The worst was on the eighth evening. Milson was spent. Time was dwindling. He found a large, luxurious two story house in an affluent estate, amazingly easy to enter despite the large gates. The vast amount of vacant land surrounding the abode allowed Milson enough coverage and space from the public eye to scale not only the towering barrier, but the building itself also. Milson had successfully made it onto a balcony which had called to him from above, waving him over with the soft, white curtain that billowed from the open doors.

Milson obeyed and met the curtains face-to-seam. He also met a young girl face to face and made her scream. Loudly. The girl threw a large ceramic object at Milson, which whizzed past him at a dangerous speed before shattering on the ground some distance below. Milson was backed against the balcony, projectiles and screaming increasing by the minute. Milson took a deep breathe and jumped over the balcony. He free-fell for what seemed like eternity before suddenly stopping. His head pounded and ears rung. He was sure his lungs had stopped working. He couldn’t move. Suddenly, somebody released the hounds. They’re teeth were not miniature machetes like the terrier’s; but blinding blades shining smooth with salivation in the shimmering moonlight.

Milson suddenly felt fine, fantastic in fact, and decided he may go for a run. He picked up what was of worth, (which upon later survey amounted to fifteen dollars and two crystal fairy figurines), and bolted for the barricades.

By the seventh day of Christmas, and after the previous night’s episode, Milson decided it was the Sabbath Day and one of rest.  He had pawned all his collections, and now counted all his ‘savings. Milson was very relieved to find he finally, had (just) enough to purchase a basic coffin and service for his mother.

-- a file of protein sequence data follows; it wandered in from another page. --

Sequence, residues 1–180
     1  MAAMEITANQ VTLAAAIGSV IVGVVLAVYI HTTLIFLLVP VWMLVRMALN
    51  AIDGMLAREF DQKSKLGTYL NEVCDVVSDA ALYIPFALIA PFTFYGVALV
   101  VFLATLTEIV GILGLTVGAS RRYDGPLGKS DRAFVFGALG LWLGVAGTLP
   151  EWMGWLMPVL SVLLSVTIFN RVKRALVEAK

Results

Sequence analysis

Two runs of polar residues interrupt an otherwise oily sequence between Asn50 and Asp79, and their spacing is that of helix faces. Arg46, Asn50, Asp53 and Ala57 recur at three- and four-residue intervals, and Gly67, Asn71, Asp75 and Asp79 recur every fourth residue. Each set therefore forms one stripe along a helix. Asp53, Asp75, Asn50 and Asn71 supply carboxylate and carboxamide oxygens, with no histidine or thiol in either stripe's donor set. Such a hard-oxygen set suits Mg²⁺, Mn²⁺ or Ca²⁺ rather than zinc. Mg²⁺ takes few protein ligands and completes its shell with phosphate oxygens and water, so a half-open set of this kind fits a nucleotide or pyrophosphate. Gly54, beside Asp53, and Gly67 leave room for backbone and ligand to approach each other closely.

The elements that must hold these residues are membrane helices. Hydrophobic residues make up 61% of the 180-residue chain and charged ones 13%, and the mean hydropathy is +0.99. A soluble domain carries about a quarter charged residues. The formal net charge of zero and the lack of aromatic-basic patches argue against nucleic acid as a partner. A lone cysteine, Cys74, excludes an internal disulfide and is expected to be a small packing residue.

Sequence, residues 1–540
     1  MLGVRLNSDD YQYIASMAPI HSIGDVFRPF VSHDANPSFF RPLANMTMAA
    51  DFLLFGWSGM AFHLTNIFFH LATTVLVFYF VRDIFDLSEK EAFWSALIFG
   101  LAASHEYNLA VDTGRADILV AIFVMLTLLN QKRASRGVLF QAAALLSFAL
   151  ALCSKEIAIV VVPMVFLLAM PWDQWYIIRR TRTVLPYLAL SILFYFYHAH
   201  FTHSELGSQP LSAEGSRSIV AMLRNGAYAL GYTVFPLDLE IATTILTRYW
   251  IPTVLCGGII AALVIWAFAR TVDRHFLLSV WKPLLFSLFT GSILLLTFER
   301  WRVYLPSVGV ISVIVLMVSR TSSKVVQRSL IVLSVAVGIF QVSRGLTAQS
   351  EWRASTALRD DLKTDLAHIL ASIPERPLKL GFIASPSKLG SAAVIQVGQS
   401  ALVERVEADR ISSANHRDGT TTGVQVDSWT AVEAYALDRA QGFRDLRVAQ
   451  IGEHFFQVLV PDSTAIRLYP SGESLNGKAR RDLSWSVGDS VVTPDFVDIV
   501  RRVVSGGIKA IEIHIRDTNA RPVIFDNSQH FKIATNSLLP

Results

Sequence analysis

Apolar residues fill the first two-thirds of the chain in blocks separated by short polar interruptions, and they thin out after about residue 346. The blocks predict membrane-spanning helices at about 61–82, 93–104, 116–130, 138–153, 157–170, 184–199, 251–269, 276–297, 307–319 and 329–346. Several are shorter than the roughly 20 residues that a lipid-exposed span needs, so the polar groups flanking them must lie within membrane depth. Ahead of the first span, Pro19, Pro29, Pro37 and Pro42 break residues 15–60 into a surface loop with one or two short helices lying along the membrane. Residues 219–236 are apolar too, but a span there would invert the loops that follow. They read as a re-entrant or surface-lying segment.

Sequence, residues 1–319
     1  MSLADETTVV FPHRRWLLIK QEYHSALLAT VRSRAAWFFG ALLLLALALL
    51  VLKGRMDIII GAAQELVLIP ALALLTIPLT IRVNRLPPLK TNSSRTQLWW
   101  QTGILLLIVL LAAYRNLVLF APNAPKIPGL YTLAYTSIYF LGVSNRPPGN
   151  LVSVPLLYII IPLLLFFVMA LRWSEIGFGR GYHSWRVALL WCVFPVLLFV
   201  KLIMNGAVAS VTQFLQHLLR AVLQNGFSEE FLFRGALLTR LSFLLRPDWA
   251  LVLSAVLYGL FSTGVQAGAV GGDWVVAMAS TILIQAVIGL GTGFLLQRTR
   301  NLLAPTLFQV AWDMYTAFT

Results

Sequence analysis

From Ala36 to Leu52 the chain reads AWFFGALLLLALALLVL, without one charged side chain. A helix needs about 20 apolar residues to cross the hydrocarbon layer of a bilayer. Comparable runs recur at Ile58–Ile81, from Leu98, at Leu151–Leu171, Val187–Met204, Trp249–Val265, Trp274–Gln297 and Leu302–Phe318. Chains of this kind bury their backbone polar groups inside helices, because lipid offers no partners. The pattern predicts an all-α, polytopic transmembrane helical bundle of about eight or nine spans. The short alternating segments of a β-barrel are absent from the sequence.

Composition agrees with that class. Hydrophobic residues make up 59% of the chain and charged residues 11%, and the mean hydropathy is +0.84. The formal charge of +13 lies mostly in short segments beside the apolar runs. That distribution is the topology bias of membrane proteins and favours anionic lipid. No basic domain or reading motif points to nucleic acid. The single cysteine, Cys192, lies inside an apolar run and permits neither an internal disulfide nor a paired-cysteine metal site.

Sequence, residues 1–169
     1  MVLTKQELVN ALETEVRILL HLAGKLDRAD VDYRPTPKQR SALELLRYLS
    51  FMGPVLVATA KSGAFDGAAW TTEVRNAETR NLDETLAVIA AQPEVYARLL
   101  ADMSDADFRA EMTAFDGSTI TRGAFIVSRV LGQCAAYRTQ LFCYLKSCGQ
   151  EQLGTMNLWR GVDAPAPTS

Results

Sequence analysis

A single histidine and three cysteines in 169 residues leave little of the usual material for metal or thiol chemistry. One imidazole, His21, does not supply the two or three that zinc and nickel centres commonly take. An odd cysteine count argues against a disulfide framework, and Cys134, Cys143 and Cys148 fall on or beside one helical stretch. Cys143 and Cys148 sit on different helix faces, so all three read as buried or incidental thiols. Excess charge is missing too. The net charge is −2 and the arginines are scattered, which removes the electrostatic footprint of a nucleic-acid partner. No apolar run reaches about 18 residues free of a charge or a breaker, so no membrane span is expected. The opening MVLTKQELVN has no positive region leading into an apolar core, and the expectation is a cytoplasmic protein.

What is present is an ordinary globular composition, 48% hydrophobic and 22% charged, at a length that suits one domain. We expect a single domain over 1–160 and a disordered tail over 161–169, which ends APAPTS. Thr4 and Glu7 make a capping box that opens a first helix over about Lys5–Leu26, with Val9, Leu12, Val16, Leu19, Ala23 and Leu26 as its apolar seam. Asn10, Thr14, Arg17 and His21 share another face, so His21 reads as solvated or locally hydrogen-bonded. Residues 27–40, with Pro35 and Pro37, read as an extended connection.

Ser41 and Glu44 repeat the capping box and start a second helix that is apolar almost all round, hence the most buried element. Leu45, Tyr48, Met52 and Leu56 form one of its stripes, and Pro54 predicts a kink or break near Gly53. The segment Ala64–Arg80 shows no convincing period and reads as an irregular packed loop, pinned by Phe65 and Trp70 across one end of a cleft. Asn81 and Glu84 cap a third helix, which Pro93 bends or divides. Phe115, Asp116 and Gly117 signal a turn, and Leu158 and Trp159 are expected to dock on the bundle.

It was time to go home.

 

Milson (Chapter 6)

Chapter 6.

Milson loved his new job. For the next four weeks he would be Santa Claus Monday to Saturdays. Loved by all; bringer of joy and laughter and lollies and gifts. Finally, Milson was popular! Granted, he was a fat, hairy man with glasses in a velvet red suit, but hey, if that’s what it takes.

In the first day of his new found calling, Milson had felt more feelings of contentment and innocent love than ever. The children all looked at him with wide eyes. Gentle to the touch, softly bequeathing Barbie dolls and bikes. Milson was relieved to see that not all wanted game consoles and money. Money for Christ’s Sakes. Since when did Santa’s elves make money? Shit, if they did, Milson thought, wouldn’t it be easier to just kidnap an elf or two and start an underground slave labour counterfeiting con? Yeah, but not as rewarding, he figured.

He remembered one boy in particular. How he had shyly slipped into Milson’s lap, he peered above with questioning eyes. Milson had cheerfully greeted him, asked if he had been a good boy. The child uttered a barely audible ‘yes’ as he fretfully looked around him. Milson had asked if his mother was nearby and found himself somewhat confused as the boy responded with a flat ‘No’. Milson tried his technique of offering sweets in attempt to win the boy’s affections. It seemed to work as he gratefully accepted and thanked Milson.

“What’s your name Son”? Milson had asked.

“James” He replied hastily, shortly followed by “I have to go now”.